The signs were all around. Though the examination bodies (ex CBSE) alloted 30% marks for practicals, the truth remained that without doing a single experiment one could get full marks in practicals. Not many did much to correct the situation. It remained up to the desire, motivation, drive, interest of a teacher.
In private schools, both parents and school management expected the teacher to give as much as he/she can.
Some parents went even ahead. They expected the child to only concentrate on coaching for entrance exams. Experiments, practicals were ‘waste of time’.
Somewhere it was evident that the crowd coming to IITs through the ‘Kota grind’ was not quite teachable. The realisation was all around that it is very hard to teach students in science sections as they had no visualisation of matter being taught. Sadly practicals were not the hype. It was old fashioned waste.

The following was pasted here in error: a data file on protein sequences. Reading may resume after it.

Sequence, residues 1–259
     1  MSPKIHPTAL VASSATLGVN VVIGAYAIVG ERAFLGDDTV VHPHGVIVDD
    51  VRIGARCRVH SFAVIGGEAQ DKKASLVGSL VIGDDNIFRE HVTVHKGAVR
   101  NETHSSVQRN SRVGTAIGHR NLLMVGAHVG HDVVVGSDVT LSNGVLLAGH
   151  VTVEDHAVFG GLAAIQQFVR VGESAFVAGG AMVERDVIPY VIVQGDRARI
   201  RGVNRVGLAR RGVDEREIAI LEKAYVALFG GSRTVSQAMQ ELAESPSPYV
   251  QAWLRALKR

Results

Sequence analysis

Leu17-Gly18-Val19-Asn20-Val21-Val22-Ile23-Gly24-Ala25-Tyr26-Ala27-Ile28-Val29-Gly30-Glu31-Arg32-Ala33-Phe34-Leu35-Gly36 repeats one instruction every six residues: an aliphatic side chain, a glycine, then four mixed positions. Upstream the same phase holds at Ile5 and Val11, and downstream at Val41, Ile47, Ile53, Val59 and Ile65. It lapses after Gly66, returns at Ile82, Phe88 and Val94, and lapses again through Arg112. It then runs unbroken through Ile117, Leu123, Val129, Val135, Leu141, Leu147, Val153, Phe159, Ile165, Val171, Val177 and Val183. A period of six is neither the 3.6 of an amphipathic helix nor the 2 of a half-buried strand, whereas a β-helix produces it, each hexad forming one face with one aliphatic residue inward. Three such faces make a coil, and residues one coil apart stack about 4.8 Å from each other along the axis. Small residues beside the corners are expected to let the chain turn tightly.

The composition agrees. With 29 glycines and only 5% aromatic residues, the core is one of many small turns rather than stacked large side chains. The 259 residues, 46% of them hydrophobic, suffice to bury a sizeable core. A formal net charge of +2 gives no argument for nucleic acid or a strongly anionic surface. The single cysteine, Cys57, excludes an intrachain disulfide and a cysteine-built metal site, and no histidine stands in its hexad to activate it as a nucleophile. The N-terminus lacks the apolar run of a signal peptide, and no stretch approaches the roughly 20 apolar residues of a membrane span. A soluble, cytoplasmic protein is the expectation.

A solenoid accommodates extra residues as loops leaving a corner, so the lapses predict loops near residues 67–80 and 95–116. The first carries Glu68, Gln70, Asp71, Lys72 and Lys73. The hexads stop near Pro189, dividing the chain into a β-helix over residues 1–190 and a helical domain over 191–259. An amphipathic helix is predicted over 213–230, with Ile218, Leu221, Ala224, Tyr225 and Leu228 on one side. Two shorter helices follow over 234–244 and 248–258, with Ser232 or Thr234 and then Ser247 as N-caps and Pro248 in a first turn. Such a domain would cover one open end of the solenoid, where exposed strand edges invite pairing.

The vaccum required something that could
– catch the imagination of leaders of forward sounding schools:
– should be amusing to the touch-screen generation whose attention was barely held by 2 to 3 minutes youtube videos,
– should have a ‘product’s feel, a measurable output that can be seen, touched, felt.
In came Robotics club, coding, manipulatives, DIY kits, Makers club, Tinkering clubs, IoT, 3-D printing, Microcontrollers, microprocessors, and everthing that engineers were suppose to be learning but were not doing so.